What Does An Emergency First Aider Do?

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Emergency first-aiders are very common in many countries. They have been set up to help people who suffer injuries in the workplace or at home. 

If a person is injured, they could go to the emergency room, but that would take time, which is not always ideal because it can cause more problems. So what do emergency first aiders do?

Quickly Respond to an Emergency

An emergency first aider is someone trained to respond quickly to an emergency. They can help with minor injuries, such as cuts and bruises, and injuries from accidents. They may also be able to help with more severe emergencies, such as heart attacks and strokes.

An emergency first aider has training in first aid, CPR, and defibrillation, and how to use essential medical equipment like an automated external defibrillator (AED). They should be able to work alone until paramedics arrive or until they reach the hospital.

The primary responsibilities of an emergency first aider include:

  • Assessing the situation
  • Determining the best course of action
  • Implementing that course of action
  • Assisting others during the process

Administer First Aid

An emergency first aider can help you in an emergency. They are trained to administer first aid and can do that without proper medical training, but emergency first aid training is necessary. The Red Cross typically trains emergency first aiders, but other organizations also offer similar courses. 

In most cases, emergency first aid will be required by law if you need it while working as an independent contractor because many states require workers to have some form of health insurance coverage. 

You could also get specific training through any organization that offers these kinds of courses if you do not already have it through your employer or a course at school or college (for example).

An emergency first-aider can provide the following kinds of first aid:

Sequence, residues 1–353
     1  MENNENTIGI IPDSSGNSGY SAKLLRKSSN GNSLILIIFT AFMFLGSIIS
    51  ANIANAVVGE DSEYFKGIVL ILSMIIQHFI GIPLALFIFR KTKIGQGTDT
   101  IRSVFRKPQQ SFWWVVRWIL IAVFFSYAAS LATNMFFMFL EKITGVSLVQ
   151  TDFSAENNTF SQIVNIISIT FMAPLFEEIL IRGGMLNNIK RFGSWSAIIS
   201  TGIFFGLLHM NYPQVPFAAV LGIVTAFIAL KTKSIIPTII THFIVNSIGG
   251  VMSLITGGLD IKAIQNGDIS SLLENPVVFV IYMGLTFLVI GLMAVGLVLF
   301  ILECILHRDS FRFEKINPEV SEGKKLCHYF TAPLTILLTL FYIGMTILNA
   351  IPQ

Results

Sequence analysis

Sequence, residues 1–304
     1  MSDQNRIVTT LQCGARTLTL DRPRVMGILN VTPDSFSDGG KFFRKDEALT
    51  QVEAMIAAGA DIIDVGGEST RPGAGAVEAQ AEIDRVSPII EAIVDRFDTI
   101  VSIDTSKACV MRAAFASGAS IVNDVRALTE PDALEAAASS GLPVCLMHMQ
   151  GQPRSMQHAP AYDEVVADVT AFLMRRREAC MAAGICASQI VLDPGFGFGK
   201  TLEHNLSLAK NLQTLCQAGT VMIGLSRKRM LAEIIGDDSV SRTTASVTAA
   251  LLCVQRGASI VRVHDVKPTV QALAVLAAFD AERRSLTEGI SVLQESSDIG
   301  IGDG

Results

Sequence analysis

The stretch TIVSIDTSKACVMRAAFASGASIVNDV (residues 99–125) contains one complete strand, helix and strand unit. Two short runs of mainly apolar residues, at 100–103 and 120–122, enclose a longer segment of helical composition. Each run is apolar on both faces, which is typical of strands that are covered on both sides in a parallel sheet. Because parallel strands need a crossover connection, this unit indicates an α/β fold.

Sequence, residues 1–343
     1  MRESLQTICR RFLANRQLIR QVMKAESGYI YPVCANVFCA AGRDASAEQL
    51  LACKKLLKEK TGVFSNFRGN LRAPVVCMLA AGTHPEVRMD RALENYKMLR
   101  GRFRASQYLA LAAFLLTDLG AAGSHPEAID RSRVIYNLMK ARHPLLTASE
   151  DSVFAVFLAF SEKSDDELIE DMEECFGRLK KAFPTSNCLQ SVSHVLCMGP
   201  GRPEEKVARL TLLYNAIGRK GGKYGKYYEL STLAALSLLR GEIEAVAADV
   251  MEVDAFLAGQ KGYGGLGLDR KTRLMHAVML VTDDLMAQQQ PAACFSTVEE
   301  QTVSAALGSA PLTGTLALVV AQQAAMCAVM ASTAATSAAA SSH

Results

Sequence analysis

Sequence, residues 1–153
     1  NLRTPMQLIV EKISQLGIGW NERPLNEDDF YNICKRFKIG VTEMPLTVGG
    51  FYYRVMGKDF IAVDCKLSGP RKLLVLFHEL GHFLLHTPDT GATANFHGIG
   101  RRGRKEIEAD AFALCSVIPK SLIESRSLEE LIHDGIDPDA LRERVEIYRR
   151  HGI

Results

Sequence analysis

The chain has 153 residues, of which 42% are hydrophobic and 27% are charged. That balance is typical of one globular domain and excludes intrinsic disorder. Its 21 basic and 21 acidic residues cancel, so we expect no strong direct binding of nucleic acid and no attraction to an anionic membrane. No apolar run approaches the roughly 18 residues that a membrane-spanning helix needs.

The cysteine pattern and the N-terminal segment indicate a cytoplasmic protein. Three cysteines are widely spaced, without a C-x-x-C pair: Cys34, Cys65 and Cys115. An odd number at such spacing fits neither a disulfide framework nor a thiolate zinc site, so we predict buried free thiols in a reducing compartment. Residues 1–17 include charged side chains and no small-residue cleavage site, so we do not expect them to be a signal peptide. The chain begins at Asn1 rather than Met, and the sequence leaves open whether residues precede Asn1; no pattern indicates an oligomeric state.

• CPR on a person who has stopped breathing (oxygen)
  • CPR on a person whose heart has stopped beating (cardiac arrest).
  • Caring for someone who has been injured or has been cut or burned.
  • Safety checks and first aid for people who have been injured or have been exposed to harmful chemicals.

Preserve Life

An emergency first aider is trained to help people in medical emergencies. They are also known as “casualty care professionals,” typically found in hospitals, but can also be found in the field.

The most important thing an emergency first aider does is preserve life, which means keeping their patient’s heart beating and breathing until medical help arrives. They might also use an automated external defibrillator (AED) to try to restart a stopped heartbeat.

Once they have stabilized their patient, they will run through a checklist of things they need to do before calling for help: 

  • Checking for signs of infection
  • Checking that the airway is clear so breathing can resume
  • And making sure there’s some way for them to contact someone who can assist them or get medical attention once they arrive on the scene.

Promote Recovery

An emergency first aider is trained to give immediate, lifesaving assistance to people. They can help you if you are injured and cannot move, if someone is choking or having difficulty breathing, or if someone has passed out from lack of blood flow.

The most important thing an EFA does is promote recovery. They ensure the person is not suffering from injuries that are not immediately life-threatening (like broken bones) and can respond quickly in case something changes.

And to promote recovery, a first-aider must:

  • Provide immediate attention by assessing and stabilizing the patient before moving on to further treatment.
  • Assess the scene for hazards such as toxic substances or electrical hazards.
  • Ensure that all necessary medical equipment is readily accessible.
  • Follow established protocols for treating patients with special needs, such as children and older people.

Final Thoughts

Overall, emergency first-aiders are trained to deal with various injuries, from minor cuts and bruises to more serious ones. They can provide primary care for burns and other injuries that don’t require advanced medical care and perform CPR if necessary.

If you want to get involved with helping others in the community, consider becoming an emergency first-aider—you will be doing something good while ensuring everyone stays safe.